Learn How To Get Rid Of Sewage Smell: 11 House & Basement Methods
Want to learn how to get rid of sewage smell in your home or basement? You may already be sure of the obvious answers, but what about the places you don’t know can smell? We are going to go over each part of your house and when to call the professionals. We’ll let you know which of these solutions you can do right at home and which of them requires help.
How to get rid of sewage smell in your home
Clean the sink overflow – The sink overflow is that tiny hole underneath or across your faucet that collects water when it gets too high. Bacteria, hair, and other gross things can build up in there and smell. Clean it with a small bottle brush or mix a half chlorine bleach solution and half water to clear out any grime.
Caulk the toilet base – If you notice water leaking at the bottom of your toilet, it may be creating that horrible smell. Remove any old caulk at the base, clean any water and dirt, apply new caulk and use your finger to scoop off excess caulk, deepening the seal.
Examine the toilet wax ring – Your toilet meets the floor at a connection called a toilet flange. That then connects to the drainpipe. In between the toilet and the flange, there’s a wax ring seal. If this seal is not tight and your toilet is wobbling, sewer gas can enter your home. This seal can dry out and become an issue as well. If it’s defective, remove the toilet and replace the ring.
- Check unused bathtubs and sinks – Maybe you have a guest room with a bathroom that goes unused. That could be the source of sewage smells leaking into your home. The toilet trap or P-trap holds a small amount of water to prevent odors from leaking in. Over time that water can evaporate and allow gas to enter. Simply flushing the toilet or turning on the sink can solve the issue. This can also occur with unused drains. Take a gallon of water and pour it down the stinky drain. This should refill the trap and stop the odor.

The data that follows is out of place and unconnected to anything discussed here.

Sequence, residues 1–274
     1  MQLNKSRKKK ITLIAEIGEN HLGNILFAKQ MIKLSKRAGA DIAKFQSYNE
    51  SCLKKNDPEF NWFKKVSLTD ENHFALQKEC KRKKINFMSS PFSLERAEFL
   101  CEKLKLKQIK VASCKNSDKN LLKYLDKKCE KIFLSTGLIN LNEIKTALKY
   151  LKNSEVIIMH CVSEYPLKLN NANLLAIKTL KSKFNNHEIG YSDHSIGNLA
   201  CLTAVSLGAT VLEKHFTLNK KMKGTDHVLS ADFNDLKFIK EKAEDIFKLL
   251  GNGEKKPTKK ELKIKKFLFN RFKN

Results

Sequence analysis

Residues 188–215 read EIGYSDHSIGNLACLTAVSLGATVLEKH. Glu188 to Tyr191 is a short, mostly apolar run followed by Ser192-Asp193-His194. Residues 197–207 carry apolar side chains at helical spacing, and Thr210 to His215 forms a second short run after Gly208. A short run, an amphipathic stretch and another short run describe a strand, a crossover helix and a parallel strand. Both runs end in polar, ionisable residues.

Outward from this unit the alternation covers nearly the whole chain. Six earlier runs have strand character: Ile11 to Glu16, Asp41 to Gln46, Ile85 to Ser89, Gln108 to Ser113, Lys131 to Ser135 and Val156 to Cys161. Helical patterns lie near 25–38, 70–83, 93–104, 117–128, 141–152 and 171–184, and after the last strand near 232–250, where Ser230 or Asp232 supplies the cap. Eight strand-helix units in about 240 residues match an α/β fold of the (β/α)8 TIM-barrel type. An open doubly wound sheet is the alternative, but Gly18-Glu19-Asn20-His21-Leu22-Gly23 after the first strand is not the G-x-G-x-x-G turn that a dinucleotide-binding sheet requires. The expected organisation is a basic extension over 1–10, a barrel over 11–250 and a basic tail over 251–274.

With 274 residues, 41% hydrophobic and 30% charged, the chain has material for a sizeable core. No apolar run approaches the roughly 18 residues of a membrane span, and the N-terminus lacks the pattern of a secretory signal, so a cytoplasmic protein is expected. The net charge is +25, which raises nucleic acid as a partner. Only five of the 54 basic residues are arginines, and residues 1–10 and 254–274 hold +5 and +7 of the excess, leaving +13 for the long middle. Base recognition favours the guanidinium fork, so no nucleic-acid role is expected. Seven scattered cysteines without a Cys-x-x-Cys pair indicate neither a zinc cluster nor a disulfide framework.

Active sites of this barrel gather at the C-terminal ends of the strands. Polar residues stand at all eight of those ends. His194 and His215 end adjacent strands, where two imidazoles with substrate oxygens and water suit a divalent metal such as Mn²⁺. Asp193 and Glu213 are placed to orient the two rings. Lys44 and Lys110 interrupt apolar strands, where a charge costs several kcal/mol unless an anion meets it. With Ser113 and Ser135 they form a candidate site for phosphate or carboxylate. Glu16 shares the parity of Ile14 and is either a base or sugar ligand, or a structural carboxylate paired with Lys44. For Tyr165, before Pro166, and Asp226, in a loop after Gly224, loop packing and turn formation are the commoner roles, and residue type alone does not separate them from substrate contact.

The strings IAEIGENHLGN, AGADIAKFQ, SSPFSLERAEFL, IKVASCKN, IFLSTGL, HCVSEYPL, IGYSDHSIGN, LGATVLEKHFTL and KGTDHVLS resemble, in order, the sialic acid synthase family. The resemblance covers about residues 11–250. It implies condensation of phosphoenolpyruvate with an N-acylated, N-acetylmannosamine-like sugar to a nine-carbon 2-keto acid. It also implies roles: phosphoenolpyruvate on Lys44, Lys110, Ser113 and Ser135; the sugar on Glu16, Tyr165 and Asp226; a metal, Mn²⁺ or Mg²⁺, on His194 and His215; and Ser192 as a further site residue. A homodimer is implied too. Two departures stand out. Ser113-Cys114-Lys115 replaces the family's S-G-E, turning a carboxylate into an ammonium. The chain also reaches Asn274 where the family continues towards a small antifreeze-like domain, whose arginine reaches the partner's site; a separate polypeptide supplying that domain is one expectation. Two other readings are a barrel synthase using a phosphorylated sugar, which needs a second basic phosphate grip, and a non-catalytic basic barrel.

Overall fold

Check for leaks – Leaky pipes are a sure culprit of a sewage smell. Sewer pipes have gases that flow through them, and if there is a leak, you can be confident it’s going to smell. Even the most minor cracks can cause the most significant issues. Get them fixed as soon as possible, and keep in mind to find a plumber that works for you.
Check out more about – How to find drainage leakage
- Garbage disposal splash guard – The underside of that black rubber piece you see in your sink drain is a common hiding place for food waste. Please do not attempt to clean the disposal while on or stick your hand down there anyway. Simply washing it with a brush will get the job done. Other things like mixes of citrus or baking soda and vinegar can keep stinky odors at bay.
- Vent stack/pipe – A vent stack is meant to release sewer gasses that can build up inside of your plumbing system. They are usually on your roof. When there is a severe clog in the stack, like leaves or a bird’s nest, gasses will have nowhere to escape and end up in your home. Safely inspect the vent on your roof (if you do not feel comfortable, call a plumber instead) and clear out the debris. If you install a small screen or filter over the top of the vent, you could prevent things from getting down there.